“The ability to retain the brand was key in these markets and you can’t underestimate the value of that,” McGill noted, adding that more than 50% of its current customer base have been Alltel customers for more than six years.

“We need to have a laser focus on the customer experience and being local,” McGill explained, citing a common mantra of rural carriers forced to compete against large, nationwide operators. “That’s how we want to think about our plans moving forward. … I think our plan is to grow organically at first and just focus on providing excellent customer service and support.”

But that doesn’t preclude Alltel from starting to expand operations to other parts of the country, perhaps even in areas now taken over by Verizon.

The new Alltel will remain a CDMA provider with plans to move to the LTE standard, which will deliver a 4G-like experience.

Going Back to the Future

In the end, many of the 13 million former Alltel customers probably wish they could have their old Alltel back, too.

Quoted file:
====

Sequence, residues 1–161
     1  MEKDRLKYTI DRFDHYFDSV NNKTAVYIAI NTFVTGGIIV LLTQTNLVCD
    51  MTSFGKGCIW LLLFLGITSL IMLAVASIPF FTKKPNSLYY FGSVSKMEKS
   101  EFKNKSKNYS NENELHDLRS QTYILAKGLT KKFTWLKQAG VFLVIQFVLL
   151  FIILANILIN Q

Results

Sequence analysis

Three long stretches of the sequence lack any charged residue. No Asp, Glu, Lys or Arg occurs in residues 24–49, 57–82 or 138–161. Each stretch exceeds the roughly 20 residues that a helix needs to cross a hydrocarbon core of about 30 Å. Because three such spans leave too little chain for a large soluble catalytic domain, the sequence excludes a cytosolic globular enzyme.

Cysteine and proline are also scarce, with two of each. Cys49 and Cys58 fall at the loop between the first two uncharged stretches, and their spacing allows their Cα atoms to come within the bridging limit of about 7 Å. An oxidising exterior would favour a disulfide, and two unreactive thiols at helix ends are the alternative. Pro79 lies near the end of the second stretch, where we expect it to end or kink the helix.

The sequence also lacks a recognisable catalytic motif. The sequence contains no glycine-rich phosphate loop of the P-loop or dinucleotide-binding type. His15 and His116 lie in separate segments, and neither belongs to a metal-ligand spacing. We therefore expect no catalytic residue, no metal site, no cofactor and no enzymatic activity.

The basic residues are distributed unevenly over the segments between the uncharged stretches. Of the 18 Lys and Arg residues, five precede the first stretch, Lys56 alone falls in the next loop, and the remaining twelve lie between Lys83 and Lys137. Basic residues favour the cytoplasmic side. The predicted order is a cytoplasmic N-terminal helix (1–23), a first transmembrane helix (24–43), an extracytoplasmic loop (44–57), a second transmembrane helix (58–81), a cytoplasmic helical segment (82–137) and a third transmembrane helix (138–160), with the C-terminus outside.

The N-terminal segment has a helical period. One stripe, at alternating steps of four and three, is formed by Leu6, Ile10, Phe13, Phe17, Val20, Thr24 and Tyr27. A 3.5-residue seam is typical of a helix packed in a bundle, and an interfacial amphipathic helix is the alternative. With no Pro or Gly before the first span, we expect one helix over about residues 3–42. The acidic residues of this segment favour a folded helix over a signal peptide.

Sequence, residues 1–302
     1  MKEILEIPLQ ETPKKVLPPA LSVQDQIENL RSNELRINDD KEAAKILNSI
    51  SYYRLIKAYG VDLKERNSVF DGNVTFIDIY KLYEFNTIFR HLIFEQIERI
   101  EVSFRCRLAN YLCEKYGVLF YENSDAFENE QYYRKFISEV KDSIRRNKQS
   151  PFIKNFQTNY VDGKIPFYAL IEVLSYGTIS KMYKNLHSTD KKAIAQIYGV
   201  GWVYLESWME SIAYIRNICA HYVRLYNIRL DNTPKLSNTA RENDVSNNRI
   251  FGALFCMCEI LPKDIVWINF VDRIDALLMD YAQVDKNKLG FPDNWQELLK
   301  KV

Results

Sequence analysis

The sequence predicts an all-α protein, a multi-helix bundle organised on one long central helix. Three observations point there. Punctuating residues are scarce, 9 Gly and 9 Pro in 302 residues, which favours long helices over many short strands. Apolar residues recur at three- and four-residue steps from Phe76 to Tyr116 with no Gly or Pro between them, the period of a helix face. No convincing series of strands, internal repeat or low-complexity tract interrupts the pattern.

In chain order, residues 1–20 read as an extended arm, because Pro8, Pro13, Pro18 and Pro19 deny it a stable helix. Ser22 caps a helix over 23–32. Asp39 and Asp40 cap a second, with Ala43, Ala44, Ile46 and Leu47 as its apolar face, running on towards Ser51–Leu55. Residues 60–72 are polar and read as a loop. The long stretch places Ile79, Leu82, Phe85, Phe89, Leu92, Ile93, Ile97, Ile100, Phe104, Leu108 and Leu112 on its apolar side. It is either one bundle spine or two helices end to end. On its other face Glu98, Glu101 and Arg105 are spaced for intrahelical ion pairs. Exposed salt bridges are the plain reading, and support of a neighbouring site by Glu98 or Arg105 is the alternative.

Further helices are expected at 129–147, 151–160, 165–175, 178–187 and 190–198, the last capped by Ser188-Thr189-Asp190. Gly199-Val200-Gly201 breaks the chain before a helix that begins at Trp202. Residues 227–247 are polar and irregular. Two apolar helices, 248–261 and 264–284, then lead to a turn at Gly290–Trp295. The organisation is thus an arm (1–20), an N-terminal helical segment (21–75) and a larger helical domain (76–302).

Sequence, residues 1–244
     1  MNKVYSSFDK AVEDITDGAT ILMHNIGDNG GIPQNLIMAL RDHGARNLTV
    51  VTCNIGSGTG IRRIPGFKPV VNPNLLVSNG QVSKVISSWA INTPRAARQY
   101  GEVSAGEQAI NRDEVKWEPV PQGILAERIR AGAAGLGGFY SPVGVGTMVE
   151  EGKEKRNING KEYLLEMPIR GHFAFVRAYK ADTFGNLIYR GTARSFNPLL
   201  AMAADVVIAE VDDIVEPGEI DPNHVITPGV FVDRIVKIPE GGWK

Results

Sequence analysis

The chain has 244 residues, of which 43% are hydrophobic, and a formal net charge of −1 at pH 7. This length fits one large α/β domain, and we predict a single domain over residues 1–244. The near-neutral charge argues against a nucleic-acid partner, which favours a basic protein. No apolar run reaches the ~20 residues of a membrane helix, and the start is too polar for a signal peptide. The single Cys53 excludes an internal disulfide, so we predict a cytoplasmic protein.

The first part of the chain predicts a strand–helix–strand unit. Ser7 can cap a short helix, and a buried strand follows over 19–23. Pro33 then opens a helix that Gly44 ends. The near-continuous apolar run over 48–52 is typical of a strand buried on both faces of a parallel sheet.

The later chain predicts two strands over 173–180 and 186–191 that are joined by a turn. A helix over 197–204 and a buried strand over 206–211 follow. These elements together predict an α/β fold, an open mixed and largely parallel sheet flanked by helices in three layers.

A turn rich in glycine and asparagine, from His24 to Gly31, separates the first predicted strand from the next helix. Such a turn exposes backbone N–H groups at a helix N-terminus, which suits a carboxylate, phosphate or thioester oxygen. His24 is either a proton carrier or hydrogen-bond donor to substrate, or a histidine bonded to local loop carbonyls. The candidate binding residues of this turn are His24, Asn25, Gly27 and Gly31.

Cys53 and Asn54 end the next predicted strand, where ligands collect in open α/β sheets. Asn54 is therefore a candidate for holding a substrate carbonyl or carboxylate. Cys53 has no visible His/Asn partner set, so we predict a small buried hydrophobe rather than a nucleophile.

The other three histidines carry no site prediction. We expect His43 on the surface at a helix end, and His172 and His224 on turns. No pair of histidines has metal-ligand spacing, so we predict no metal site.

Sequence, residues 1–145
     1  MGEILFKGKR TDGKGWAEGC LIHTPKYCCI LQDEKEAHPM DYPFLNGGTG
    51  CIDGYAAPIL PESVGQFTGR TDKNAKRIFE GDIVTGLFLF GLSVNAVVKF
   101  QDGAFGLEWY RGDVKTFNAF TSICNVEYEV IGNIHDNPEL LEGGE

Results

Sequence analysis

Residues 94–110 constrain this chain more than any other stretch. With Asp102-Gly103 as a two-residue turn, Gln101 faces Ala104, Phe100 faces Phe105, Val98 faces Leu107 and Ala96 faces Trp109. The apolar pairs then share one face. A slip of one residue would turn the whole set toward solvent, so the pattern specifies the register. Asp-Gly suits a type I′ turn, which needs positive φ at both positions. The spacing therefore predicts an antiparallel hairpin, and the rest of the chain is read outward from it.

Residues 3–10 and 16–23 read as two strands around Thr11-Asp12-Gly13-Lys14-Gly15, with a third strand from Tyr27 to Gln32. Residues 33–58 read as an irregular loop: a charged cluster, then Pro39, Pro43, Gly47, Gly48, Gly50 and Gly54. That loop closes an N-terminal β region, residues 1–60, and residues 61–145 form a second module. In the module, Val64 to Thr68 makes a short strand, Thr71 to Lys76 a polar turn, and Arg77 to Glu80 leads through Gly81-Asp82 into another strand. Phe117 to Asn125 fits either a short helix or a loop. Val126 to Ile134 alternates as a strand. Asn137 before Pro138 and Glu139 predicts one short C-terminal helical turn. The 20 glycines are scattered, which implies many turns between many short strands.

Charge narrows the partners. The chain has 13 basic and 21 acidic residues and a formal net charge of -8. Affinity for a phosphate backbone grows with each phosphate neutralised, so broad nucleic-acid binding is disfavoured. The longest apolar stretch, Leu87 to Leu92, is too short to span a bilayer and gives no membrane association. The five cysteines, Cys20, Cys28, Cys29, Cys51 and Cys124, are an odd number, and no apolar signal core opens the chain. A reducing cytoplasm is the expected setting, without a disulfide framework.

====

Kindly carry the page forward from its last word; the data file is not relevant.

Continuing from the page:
Instead, they got wheeled and dealed away, first by an investment bank/casino that later used taxpayer dollars to bail itself out of its own greed, then by Verizon and AT&T who promise a future of higher bills and poorer service for many trapped in two year contracts. Too often, what’s in the best interests of consumers are an afterthought in these kinds of transactions, even today. Despite the FCC’s own findings that wireless competition is shrinking in a consolidating wireless world, they still found a way to green light deals like this that reduce competition even further.

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Ian L
13 years ago

Okay, so here’s some balance: Windstream cares about copper, rather than selling it off. They aren’t doing FTTH overbuilds but they are expanding DSL service and speeds, because that’s their bread and butter. Sometimes mergers eliminate redundancies in staff that were actually there (shocker!). That means more money or lower prices for someone…if you don’t like your bill getting higher then pad it with some Windstream stock. Verizon has some dubious practices to them, to be sure, however it’s hard to find areas these days that aren’t covered by their network. Also, Verizon’s huge buying power allows the carrier to… Read more »